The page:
Women in Business: new perspectives on risk and reward
The Women in business: New perspectives on risk and reward report from Grant Thornton surveys the role of women in business and considers the issue of risk and reward. The report explores the different ways in which men and women see risk and opportunity, and how they act differently as a result.
The report considers how companies can recognise, celebrate and seize upon these differences. The report also provides a number of recommendations on how to increase the number of women in senior leadership positions for the benefit of businesses as a whole, and risk strategies in particular.
- Women in ASEAN economies held 36% of senior management roles in 2017, increasing from 34% in 2016. Among ASEAN countries, Indonesia and the Philippines had the highest proportion of women in senior management, at 46% and 40%, respectively.
- The report finds that diversity is key to business success. With a mixture of men and women at the helm, companies are better prepared for all eventualities. And yet, in 2017 the needle has barely shifted. Each year, the report seeks to add new insights and recommendations that will further understanding of and solutions for greater gender diversity.
- Risk management is the process of identifying, evaluating and managing uncertainty. It is vital for business success. Men and women perceive and respond to risk in different ways, contrasting in how they balance speed and decisiveness with careful consideration. Brought together, these strengths facilitate effective risk strategies for the sustainable growth of dynamic businesses.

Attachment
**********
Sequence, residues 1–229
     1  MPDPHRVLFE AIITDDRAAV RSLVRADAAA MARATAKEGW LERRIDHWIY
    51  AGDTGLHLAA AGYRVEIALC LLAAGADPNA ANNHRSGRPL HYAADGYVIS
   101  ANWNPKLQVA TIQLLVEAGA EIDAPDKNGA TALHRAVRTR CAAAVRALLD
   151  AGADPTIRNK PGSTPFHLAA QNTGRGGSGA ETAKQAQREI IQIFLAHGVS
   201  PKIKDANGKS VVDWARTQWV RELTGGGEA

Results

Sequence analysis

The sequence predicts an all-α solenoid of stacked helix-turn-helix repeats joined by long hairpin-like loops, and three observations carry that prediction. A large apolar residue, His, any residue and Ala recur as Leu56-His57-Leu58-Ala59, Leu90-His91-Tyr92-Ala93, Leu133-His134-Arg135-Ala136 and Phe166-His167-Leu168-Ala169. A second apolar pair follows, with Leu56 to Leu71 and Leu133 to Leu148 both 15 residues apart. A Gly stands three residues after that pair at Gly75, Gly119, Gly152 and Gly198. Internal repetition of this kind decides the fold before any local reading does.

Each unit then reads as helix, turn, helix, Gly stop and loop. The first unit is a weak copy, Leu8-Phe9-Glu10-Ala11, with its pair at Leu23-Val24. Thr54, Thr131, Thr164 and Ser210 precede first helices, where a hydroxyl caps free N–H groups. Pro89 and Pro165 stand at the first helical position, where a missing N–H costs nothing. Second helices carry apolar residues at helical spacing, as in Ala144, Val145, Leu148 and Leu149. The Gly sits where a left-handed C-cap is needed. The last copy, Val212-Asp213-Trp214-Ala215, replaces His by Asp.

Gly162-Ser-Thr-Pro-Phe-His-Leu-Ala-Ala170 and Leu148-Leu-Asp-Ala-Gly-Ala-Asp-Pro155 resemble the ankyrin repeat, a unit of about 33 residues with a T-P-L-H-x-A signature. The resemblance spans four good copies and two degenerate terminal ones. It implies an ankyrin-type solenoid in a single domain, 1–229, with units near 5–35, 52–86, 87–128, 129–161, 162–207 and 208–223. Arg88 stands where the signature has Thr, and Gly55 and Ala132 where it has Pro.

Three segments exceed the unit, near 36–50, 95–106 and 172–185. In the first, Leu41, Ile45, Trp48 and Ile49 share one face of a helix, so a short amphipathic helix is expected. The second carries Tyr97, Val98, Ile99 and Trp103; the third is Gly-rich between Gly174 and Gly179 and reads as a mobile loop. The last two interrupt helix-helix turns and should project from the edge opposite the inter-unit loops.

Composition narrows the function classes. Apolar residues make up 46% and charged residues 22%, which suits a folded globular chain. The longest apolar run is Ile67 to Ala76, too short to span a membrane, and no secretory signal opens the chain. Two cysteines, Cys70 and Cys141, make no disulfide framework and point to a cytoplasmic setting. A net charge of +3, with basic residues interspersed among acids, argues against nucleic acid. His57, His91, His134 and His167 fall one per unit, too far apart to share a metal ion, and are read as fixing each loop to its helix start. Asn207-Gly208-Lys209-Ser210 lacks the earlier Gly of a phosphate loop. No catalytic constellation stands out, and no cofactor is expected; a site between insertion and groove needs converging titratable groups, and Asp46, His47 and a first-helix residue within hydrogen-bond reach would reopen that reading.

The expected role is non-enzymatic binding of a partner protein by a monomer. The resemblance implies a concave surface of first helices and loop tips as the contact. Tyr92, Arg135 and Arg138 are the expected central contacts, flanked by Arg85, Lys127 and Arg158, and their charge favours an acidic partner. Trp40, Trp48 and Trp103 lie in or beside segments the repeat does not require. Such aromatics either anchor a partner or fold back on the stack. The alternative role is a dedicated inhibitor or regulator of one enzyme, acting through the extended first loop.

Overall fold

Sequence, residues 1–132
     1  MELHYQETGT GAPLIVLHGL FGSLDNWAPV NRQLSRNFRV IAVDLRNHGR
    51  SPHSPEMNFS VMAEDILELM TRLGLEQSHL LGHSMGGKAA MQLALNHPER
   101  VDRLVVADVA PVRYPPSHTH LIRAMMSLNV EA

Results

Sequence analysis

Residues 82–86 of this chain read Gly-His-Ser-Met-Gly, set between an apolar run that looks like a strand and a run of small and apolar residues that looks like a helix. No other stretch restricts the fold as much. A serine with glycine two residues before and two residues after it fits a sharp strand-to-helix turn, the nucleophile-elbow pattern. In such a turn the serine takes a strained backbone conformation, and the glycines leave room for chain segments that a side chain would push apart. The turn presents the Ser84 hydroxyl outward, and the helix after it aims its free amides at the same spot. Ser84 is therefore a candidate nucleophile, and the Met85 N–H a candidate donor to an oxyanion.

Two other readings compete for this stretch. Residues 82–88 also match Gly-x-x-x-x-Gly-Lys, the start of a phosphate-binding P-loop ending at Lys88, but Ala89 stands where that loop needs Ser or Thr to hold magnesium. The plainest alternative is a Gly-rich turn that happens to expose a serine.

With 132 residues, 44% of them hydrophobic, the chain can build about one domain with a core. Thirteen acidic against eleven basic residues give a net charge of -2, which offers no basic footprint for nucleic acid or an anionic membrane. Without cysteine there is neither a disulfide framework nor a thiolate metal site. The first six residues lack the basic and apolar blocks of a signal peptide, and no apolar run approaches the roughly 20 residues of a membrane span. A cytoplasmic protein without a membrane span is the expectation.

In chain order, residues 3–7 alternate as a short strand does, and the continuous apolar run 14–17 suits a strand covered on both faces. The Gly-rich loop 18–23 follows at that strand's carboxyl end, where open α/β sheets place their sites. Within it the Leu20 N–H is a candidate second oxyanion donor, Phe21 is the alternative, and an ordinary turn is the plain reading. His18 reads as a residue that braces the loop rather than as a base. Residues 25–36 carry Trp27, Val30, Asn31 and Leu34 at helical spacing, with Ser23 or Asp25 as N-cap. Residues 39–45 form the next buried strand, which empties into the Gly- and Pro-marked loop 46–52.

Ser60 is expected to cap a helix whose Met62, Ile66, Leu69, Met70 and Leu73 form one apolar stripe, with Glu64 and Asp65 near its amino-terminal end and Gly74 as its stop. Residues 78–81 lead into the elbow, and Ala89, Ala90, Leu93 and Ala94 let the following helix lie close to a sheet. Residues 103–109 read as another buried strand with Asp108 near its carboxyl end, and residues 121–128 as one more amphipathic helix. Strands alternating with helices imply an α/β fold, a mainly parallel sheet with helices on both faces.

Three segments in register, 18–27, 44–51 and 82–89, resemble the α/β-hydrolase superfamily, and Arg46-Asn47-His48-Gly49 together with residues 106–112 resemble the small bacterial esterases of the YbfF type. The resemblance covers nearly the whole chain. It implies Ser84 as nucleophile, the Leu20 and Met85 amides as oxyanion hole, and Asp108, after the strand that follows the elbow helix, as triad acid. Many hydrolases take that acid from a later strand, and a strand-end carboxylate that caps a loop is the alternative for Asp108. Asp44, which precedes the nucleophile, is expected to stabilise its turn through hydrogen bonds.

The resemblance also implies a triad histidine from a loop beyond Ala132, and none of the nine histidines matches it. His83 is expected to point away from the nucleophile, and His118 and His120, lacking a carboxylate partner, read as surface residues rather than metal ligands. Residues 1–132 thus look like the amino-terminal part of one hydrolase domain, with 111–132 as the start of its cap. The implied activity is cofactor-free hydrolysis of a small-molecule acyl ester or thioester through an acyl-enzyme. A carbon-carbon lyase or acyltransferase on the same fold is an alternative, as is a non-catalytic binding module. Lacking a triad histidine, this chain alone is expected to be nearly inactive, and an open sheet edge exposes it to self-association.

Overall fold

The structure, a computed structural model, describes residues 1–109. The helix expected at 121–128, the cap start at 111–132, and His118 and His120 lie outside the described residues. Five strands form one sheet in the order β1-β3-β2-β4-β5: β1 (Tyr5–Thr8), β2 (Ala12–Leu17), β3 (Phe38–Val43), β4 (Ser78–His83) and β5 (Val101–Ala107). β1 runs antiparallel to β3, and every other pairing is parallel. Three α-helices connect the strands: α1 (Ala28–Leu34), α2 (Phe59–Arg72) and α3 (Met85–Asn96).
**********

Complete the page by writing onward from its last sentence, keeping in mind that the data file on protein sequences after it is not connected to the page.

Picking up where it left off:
- The proportion of senior leadership roles held by women has moved by just one percent in 12 months – from 24% in 2016 to 25% in 2017 – and four percent in the last five years. Moreover, the percentage of businesses with no women in senior leadership has risen at the same rate – from 33% in 2016 to 34% in 2017 – with no improvement since 2012.
- Diversity is a commercial imperative. Broaden the diversity of a group and you widen its peripheral vision. Diverse teams benefit from connections to a wider network, increased legitimacy among stakeholders and better decision-making. But despite a growing consensus among business leaders on this issue, the pace of change is painfully slow.
- A growing area of study also explores the tendency for women to be mentored and not sponsored. Mentoring involves support and advice offered by an employee to another employee a level or more below them in the company structure. It should be a private, developmental relationship between two people. A sponsor, on the other hand, advocates for employees below them at the decision-making table when it comes to staffing high-profile projects and promotions. They have the power to effect change on women’s behalf.
- Foreword from Francesca Lagerberg
- Executive summary
- Diversity in leadership
- Gender and risk
- How Grant Thornton can help